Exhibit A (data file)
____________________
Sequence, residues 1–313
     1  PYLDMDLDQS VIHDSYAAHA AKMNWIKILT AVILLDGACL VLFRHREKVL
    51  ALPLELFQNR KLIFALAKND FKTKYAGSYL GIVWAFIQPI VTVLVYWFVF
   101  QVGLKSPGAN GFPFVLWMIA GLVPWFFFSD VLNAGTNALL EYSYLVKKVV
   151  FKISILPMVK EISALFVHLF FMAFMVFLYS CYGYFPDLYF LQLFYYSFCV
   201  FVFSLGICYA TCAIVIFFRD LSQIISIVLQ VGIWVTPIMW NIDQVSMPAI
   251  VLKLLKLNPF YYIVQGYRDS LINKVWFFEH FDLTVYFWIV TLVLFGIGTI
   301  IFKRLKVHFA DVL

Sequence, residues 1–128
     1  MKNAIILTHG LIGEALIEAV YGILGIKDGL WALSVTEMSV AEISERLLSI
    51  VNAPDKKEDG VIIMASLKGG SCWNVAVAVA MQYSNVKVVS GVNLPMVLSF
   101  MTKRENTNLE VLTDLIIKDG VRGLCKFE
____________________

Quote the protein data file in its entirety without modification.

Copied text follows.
Sequence, residues 1–313
     1  PYLDMDLDQS VIHDSYAAHA AKMNWIKILT AVILLDGACL VLFRHREKVL
    51  ALPLELFQNR KLIFALAKND FKTKYAGSYL GIVWAFIQPI VTVLVYWFVF
   101  QVGLKSPGAN GFPFVLWMIA GLVPWFFFSD VLNAGTNALL EYSYLVKKVV
   151  FKISILPMVK EISALFVHLF FMAFMVFLYS CYGYFPDLYF LQLFYYSFCV
   201  FVFSLGICYA TCAIVIFFRD LSQIISIVLQ VGIWVTPIMW NIDQVSMPAI
   251  VLKLLKLNPF YYIVQGYRDS LINKVWFFEH FDLTVYFWIV TLVLFGIGTI
   301  IFKRLKVHFA DVL

Sequence, residues 1–128
     1  MKNAIILTHG LIGEALIEAV YGILGIKDGL WALSVTEMSV AEISERLLSI
    51  VNAPDKKEDG VIIMASLKGG SCWNVAVAVA MQYSNVKVVS GVNLPMVLSF
   101  MTKRENTNLE VLTDLIIKDG VRGLCKFE